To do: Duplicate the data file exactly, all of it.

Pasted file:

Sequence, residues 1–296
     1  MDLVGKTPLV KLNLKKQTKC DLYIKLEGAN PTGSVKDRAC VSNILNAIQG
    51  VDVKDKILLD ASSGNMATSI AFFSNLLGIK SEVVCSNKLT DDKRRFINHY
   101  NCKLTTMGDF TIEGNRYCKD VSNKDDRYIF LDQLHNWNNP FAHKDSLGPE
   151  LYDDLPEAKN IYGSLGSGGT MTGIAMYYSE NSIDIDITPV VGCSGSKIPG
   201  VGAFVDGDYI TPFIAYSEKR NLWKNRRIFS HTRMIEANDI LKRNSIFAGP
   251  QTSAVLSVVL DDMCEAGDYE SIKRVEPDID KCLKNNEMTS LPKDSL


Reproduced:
Sequence, residues 1–296
     1  MDLVGKTPLV KLNLKKQTKC DLYIKLEGAN PTGSVKDRAC VSNILNAIQG
    51  VDVKDKILLD ASSGNMATSI AFFSNLLGIK SEVVCSNKLT DDKRRFINHY
   101  NCKLTTMGDF TIEGNRYCKD VSNKDDRYIF LDQLHNWNNP FAHKDSLGPE
   151  LYDDLPEAKN IYGSLGSGGT MTGIAMYYSE NSIDIDITPV VGCSGSKIPG
   201  VGAFVDGDYI TPFIAYSEKR NLWKNRRIFS HTRMIEANDI LKRNSIFAGP
   251  QTSAVLSVVL DDMCEAGDYE SIKRVEPDID KCLKNNEMTS LPKDSL